It's really a long poetic rant/praise about being relentlessly pursued by a loving God, metaphorically deemed a hound, rather than a short book. The language and dynamics are amazing, the theology passionate.
Jeanette Garner Sullivan
A good description of the poem an good narrative.

I would recommended this for group decision and reader groups. I would use it over Andover again. I have enjoyed the read.
Mayowa Adebiyi
Jan 29, 2016 Mayowa Adebiyi rated it it was amazing  ·  review of another edition
Like Chesterton said in the introduction, 'these are religious poems and cannot be mistaken for anything else' and they very good (religious) poems.
Danny Collier
Dec 22, 2014 Danny Collier rated it it was amazing  ·  review of another edition

'Ah, fondest, blindest, weakest,
I am He Whom thou seekest!
Thou dravest love from thee, who dravest Me.' F.T.
GK Stritch
Oct 20, 2014 GK Stritch rated it it was amazing  ·  review of another edition
I agree with G.K. Chesterton and C.S. Lewis.

poem "Francis Thompson" by GK Stritch
William Lytle
Nov 03, 2015 William Lytle rated it it was amazing  ·  review of another edition
Very helpful in my current study of both James Joyce and Gerard Manley Hopkins. Great book on its own merits.
Jul 06, 2015 Lora rated it liked it  ·  review of another edition
Shelves: inspirational, poetry
Inspiration and good poetic food in one poem.
Mar 27, 2016 Maro rated it it was amazing  ·  review of another edition
Len Knighton
The book I read had a wonderful introduction that supplied a bio of Thompson. I must admit that, with the exception of a couple of lines, I was not impressed with the poem.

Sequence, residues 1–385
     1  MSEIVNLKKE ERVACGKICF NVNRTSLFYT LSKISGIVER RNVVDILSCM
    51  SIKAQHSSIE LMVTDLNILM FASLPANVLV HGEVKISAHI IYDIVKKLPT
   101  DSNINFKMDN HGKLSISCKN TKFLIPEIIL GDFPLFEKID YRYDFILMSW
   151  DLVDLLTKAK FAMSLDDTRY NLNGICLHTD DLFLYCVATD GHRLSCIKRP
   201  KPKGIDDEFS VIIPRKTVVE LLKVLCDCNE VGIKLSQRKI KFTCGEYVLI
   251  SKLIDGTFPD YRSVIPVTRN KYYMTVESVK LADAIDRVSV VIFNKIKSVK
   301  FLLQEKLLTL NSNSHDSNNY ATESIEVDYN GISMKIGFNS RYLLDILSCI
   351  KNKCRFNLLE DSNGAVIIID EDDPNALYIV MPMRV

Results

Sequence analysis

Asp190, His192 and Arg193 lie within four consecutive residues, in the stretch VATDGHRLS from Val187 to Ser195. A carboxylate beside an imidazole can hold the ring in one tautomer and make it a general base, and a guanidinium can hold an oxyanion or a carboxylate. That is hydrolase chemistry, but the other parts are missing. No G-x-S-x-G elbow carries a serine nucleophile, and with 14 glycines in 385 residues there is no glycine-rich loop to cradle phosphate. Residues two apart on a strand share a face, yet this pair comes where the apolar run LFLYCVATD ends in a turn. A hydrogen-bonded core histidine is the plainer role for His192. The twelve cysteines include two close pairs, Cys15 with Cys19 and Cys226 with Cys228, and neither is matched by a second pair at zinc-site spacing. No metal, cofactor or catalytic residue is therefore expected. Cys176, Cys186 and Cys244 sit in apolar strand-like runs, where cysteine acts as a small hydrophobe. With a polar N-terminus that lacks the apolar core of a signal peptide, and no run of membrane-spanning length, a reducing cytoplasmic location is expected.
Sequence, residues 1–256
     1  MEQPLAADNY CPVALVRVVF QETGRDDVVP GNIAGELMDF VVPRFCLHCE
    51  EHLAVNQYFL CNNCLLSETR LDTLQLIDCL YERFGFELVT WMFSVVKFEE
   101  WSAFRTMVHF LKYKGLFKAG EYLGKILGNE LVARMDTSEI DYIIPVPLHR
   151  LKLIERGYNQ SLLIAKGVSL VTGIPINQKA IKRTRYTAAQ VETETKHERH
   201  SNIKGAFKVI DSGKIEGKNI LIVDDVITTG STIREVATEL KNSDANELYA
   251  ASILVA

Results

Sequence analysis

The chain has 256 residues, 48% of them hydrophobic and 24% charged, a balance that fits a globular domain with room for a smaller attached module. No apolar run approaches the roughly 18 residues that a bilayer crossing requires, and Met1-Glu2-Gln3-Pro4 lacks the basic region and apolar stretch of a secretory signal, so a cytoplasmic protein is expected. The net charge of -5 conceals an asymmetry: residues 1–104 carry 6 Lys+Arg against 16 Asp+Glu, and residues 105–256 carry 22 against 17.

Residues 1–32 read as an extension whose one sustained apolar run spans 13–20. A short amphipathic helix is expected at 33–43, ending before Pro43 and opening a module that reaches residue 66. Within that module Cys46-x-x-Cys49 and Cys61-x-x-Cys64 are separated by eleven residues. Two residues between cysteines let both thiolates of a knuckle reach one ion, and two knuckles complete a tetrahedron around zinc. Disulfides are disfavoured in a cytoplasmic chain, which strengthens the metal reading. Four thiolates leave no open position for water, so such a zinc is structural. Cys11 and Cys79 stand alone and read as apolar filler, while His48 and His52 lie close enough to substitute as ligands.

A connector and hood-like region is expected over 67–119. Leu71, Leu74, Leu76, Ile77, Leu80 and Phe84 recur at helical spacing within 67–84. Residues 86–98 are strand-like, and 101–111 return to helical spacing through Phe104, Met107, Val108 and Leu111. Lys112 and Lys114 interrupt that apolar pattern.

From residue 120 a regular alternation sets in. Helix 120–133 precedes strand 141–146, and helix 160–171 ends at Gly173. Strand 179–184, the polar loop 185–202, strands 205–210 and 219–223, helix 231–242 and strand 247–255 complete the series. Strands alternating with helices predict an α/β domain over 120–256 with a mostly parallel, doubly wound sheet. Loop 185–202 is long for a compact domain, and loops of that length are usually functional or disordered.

Peter Houlihan
resignation hope and futility fear and hope or merely fear of hope
Rob marked it as to-read
May 25, 2016
Jemimah Selvam
Jemimah Selvam marked it as to-read
May 23, 2016
Peter rated it it was amazing
May 20, 2016
Dylan Brixey
Dylan Brixey rated it it was amazing
May 16, 2016
Chris Dunn
Chris Dunn rated it liked it
May 14, 2016
Asher George
Asher George marked it as to-read
May 14, 2016
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Francis Thompson was an English poet and ascetic. After attending college, he moved to London to become a writer, but in menial work, became addicted to opium, and was a street vagrant for years. A married couple read his poetry and rescued him, publishing his first book Poems in 1893. Thompson lived as an unbalanced invalid in Wales and at Storrington, but wrote three books of poetry, with other ...more
More about Francis Thompson...

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“Whom wilt thou find to love ignoble thee
Save Me, save only Me?
All which I took from thee I did but take,
Not for thy harms.
But just that thou might'st seek it in my arms.
All which thy child's mistake
Fancies as lost, I have stored for thee at home;
Rise, clasp My hand, and come!”
“I fled Him down the nights and down the days
I fled Him down the arches of the years
I fled Him down the labyrinthine ways
Of my own mind, and in the midst of tears
I hid from him, and under running laughter.”